While they were talking about this, Jesus himself stood among them and said to them, Peace be with you.” They were startled and terrified, and thought that they were seeing a ghost. He said to them, “Why are you frightened, and why do doubts arise in your hearts? Look at my hands and my feet; see that it is I myself. Touch me and see; for a ghost does not have flesh and bones as you see that I have.” And when he had said this, he showed them his hands and his feet. While in their joy they were disbelieving and still wondering, he said to them, “Have you anything here to eat?” They gave him a piece of broiled fish, and he took it and ate in their presence. (Luke 24:36-43 NRSV)
In yesterday’s post (What things?) Jesus encountered Cleopas and another disciple walking on the road to Emmaus. Just before today’s passage, we learn that Jesus stayed to break bread with them, and this meal became the eye-opening act the two needed to fully recognize their resurrected friend. Now, as he appears again to the eleven, they remain in wondrous disbelief even after he shows them his hands and feet. Jesus then asks if they have anything to eat. This act seems to be the preferred way Jesus chooses to reveal himself to his beloved disciples.
Isn’t this beautiful? Twice, Jesus is revealed in the breaking of bread, in the sharing of a meal.
The practice of sharing meals together or feeding one another seems to be very important to Jesus. All through his earthly life, Jesus often described kingdom living in terms of feasts and banquets. He ate with sinners, he fed the crowds. In the last meal shared with his disciples before his death, Jesus created a sacrament for them and for us to receive his presence and remember him forever. You may remember that he also fed the disciples again on the beach with fish cooked over a fire after his resurrection (Easter- Do you love me?). Jesus also told Peter to “Feed my sheep,” as a way to show his love for others.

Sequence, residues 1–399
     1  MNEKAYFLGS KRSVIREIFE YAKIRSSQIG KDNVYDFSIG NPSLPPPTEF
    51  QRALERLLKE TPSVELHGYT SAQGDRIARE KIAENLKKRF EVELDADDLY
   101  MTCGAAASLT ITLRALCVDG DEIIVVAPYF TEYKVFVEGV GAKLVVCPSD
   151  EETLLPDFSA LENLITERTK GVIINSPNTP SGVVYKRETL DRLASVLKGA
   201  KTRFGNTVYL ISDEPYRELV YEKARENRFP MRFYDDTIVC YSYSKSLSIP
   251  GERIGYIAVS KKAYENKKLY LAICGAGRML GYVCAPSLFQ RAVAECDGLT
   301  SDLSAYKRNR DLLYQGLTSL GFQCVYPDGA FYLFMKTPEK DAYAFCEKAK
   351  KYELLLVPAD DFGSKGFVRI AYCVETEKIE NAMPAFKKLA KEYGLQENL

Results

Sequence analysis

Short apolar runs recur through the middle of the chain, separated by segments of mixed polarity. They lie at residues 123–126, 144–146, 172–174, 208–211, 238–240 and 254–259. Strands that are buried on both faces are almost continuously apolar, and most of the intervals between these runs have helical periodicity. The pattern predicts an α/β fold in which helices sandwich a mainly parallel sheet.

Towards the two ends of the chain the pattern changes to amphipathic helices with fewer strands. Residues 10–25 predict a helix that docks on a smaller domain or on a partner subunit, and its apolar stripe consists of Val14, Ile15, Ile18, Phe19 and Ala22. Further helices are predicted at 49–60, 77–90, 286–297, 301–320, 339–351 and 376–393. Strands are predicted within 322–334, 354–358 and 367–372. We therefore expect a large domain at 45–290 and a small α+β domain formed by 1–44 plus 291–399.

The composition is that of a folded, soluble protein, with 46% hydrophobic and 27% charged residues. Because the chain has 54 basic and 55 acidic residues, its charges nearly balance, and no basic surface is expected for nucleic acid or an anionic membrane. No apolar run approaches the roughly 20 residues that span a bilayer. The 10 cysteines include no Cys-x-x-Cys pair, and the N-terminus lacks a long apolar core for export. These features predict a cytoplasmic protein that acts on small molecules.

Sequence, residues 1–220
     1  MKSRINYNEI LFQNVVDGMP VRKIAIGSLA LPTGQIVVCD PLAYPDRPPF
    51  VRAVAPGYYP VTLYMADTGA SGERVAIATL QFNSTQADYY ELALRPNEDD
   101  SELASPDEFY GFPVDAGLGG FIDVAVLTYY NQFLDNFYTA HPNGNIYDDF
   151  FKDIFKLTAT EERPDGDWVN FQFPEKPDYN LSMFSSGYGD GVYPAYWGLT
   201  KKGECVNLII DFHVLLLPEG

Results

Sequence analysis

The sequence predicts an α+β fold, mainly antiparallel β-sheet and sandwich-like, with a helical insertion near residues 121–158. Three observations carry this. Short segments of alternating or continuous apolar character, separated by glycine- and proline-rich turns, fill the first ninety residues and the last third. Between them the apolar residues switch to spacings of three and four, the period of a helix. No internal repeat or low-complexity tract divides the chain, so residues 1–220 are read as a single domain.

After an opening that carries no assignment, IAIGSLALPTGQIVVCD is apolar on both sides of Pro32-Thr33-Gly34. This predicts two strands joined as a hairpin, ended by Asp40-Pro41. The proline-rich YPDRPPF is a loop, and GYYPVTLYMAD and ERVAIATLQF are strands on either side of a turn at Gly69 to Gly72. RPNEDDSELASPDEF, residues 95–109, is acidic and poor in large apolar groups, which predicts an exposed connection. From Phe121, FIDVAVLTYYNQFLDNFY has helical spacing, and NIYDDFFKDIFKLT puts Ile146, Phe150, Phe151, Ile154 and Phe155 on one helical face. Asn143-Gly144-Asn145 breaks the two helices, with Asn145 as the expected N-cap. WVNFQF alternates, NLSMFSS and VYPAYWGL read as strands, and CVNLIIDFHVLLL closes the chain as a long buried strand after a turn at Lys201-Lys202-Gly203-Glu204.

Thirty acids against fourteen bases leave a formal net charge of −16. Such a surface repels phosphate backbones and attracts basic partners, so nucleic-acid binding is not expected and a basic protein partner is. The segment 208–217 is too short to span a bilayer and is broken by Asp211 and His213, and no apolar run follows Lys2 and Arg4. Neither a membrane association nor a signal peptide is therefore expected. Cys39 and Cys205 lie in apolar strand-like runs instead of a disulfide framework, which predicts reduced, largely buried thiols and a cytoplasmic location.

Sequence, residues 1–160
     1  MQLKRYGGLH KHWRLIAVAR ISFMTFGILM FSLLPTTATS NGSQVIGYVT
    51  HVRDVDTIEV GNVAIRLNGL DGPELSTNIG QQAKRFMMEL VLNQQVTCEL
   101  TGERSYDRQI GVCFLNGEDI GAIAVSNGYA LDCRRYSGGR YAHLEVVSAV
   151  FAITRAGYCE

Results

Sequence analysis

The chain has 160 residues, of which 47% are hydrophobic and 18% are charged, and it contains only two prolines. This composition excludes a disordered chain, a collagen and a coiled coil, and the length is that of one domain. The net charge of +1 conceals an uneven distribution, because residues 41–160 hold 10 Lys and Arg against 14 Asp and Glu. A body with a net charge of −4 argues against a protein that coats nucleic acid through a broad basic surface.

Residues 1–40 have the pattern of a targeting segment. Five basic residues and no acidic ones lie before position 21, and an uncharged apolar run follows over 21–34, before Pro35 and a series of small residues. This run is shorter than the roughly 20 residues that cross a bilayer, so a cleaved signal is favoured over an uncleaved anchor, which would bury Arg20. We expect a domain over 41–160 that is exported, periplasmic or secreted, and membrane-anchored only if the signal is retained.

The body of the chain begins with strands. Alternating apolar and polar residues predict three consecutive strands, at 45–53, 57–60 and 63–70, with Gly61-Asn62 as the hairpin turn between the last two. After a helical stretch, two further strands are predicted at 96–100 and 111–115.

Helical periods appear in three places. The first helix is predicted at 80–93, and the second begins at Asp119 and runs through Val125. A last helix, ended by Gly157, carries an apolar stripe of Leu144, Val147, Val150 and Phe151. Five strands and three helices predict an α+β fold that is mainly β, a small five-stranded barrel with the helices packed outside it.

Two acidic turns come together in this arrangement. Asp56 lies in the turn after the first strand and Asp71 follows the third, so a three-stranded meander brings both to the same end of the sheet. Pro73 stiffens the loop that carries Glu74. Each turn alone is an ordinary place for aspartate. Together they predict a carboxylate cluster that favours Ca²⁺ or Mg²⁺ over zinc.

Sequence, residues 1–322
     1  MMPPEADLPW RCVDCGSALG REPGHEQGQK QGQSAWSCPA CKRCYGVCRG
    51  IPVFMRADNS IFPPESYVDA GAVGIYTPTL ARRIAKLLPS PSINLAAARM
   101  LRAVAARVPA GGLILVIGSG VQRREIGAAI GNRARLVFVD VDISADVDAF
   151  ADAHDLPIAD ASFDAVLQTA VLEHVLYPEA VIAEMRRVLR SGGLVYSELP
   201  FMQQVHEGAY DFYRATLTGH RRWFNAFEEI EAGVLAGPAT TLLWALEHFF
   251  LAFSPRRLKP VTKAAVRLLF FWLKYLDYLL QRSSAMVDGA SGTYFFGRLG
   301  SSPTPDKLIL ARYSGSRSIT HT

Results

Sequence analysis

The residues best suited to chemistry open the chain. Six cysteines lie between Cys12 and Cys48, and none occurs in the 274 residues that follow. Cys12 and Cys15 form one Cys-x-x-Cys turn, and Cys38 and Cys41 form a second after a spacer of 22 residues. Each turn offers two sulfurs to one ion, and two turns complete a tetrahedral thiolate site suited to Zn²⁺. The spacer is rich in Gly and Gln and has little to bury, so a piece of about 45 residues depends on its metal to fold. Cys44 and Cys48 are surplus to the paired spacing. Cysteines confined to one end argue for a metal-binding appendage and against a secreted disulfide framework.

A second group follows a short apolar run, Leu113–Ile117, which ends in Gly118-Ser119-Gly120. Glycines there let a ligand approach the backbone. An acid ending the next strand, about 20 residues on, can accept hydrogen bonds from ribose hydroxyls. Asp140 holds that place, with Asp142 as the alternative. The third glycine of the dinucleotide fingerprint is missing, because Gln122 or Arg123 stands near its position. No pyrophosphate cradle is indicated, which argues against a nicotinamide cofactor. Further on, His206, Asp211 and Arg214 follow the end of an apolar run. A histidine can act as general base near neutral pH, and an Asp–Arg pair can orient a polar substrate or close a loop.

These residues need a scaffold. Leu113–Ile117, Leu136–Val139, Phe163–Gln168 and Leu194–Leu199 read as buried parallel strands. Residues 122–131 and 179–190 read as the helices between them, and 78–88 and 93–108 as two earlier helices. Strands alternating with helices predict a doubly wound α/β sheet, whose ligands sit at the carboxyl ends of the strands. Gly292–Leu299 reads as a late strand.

This is the last of the season’s posts. We now move on to our “normal” daily living in the light of the Easter resurrection (at least as normal as we can be in these trying times).
Now, Jesus wants to know, “Have you anything here to eat?”
Jesus is our bread of life, our strength and our sustenance. Jesus continues to feed us today with his Word, his Spirit, and his meal. He is inviting us to join his banquet. This is our opportunity to invite others to share his feast, too. We are meant to gather with one another, to bring what we have to the table, to share our food and our hospitality, to remember Jesus and to welcome his presence. We are made to laugh and talk and love and listen and feed and be and dream and help and share, seated all together as one around the table, feasting on the love of Jesus.*
Are you talking to ME?
Today Jesus asks, “Have you anything here to eat?”
How do you need to be fed with the bread of Christ today? What will you bring to the table? Can you recall a meal that especially blessed you? What made it so special? Have you ever been excluded from a table? How might you welcome another? Could you help a hungry person today (whether physically or spiritually hungry)? Do you ever feel as if you are missing out on the fullness of the banquet Jesus is offering? Where might you need to open yourself further? What do you have to offer today?
Have you anything here to eat?
*I had written this post early in February, not knowing what would be in store for our world with COVID 19. At the time, it was such a joyful way to end the season’s meditations, with our invitation to gather, share and eat, together in the love of Christ…
We are sad that we cannot physically gather to do this right now. But how might we virtually or spiritually feed and gather with one another? May we do all that we can- through prayer, writing letters or cards, making calls, connecting via internet, and supporting agencies and individuals who are helping others in this crisis.
We are still connected in love, in Spirit, in caring thoughts. We are connected as the Body of Christ.
Thank you for reading. Peace, dear friends.